Piracy attacks across the world reached a five-year low in 2012, due in part to decreasing Somali piracy, the International Maritime Bureau (IBM) said in a report released Wednesday (January 16th).
The IMB global piracy report said 297 ships were attacked in 2012, compared to 439 in 2011. Waters off the coasts of East and West Africa still remain the most dangerous, however, with 150 attacks last year, more than half the world's total.
"IMB's piracy figures show a welcome reduction in hijackings and attacks to ships. But crews must remain vigilant, particularly in the highly dangerous waters off East and West Africa," said IMB director Captain Pottengal Mukundan.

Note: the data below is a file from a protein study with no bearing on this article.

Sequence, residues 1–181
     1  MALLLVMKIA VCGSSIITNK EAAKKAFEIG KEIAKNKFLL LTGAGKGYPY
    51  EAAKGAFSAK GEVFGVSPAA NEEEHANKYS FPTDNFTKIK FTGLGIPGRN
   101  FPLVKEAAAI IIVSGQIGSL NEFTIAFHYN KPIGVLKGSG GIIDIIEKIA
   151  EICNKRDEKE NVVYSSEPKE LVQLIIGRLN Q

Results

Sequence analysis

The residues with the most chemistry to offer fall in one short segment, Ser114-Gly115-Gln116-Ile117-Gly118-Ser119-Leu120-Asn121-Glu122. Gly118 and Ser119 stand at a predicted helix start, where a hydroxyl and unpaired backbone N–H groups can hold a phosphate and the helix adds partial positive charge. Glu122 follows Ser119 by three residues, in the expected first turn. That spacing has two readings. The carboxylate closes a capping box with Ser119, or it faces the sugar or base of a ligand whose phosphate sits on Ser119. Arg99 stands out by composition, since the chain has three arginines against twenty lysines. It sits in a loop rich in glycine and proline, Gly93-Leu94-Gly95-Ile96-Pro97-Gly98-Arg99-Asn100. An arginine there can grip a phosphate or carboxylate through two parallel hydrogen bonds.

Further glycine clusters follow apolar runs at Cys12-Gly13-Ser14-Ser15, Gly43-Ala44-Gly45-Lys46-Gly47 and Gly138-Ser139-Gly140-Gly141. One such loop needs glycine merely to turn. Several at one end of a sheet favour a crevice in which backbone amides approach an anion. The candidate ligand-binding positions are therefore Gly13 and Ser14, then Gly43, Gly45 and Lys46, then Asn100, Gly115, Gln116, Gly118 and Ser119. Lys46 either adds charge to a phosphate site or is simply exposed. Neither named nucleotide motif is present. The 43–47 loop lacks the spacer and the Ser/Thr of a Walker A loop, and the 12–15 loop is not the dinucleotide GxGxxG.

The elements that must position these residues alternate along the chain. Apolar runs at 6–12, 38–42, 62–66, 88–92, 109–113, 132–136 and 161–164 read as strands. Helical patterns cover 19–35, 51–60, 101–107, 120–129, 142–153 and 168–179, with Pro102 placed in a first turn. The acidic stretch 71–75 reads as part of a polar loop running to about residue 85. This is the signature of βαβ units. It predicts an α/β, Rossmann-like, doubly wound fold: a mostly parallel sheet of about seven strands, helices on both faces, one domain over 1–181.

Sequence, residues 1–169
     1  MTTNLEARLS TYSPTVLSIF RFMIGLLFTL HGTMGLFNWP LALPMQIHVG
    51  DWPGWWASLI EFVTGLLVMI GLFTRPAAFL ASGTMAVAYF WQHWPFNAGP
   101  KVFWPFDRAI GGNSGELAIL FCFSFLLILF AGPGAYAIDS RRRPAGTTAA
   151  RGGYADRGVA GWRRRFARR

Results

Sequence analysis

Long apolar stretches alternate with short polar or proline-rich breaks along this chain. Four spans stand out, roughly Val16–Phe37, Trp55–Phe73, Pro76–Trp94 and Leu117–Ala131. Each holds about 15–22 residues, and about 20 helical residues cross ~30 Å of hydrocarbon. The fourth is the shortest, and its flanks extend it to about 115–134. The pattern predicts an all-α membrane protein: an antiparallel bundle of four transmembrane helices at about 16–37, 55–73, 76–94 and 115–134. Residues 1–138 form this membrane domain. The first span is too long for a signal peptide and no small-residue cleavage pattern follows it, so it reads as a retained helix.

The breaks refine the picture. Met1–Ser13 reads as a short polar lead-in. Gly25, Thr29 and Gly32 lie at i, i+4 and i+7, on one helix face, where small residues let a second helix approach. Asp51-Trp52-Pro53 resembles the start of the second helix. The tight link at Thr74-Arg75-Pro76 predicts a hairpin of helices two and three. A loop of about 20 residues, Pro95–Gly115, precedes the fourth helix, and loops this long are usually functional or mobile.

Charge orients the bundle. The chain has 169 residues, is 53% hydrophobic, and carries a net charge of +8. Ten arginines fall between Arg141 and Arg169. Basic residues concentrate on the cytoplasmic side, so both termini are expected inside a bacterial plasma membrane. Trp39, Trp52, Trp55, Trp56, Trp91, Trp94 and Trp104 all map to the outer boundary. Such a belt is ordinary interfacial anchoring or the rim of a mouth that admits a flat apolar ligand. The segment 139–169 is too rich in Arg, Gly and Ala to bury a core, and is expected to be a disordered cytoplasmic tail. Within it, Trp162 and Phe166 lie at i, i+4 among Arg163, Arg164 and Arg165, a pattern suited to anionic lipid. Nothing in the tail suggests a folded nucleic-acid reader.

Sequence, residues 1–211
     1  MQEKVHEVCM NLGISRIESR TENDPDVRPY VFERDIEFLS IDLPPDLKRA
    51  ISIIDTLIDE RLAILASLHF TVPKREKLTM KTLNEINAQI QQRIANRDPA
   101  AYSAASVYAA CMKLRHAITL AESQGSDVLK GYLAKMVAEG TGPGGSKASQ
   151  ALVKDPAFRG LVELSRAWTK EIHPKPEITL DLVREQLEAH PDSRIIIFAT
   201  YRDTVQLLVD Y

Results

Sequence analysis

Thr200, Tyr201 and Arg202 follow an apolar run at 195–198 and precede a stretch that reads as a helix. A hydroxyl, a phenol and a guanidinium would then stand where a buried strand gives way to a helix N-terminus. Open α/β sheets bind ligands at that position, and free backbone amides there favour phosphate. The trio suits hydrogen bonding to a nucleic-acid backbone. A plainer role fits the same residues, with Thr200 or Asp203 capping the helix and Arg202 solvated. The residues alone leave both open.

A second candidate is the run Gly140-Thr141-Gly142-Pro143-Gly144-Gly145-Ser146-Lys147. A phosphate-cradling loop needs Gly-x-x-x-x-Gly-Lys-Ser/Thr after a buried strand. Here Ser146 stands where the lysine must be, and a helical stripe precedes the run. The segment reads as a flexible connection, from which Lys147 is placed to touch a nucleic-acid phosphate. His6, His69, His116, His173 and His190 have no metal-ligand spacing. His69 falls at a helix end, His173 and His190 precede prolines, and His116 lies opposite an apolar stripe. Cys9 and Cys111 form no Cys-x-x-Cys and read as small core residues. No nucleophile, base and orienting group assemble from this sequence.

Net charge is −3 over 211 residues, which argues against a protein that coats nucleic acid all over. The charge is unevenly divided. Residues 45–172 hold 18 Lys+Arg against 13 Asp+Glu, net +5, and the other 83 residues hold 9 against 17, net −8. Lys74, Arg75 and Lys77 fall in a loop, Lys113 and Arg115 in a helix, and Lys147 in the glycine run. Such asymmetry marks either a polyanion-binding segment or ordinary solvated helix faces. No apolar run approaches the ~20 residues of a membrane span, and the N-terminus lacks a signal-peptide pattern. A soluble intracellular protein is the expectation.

Somalia and the Gulf of Aden have seen a dramatic decrease in piracy attacks, dropping from 237 in 2011 to 75 in 2012, with hijackings also reduced by half, falling from 28 in 2011 to 14 in 2012.
"The continued presence of the navies is vital to ensuring that Somali piracy remains low," Mukundan said. "This progress could easily be reversed if naval vessels were withdrawn from the area."
The IMB is an arm of the International Chamber of Commerce and has been monitoring global piracy since 1991.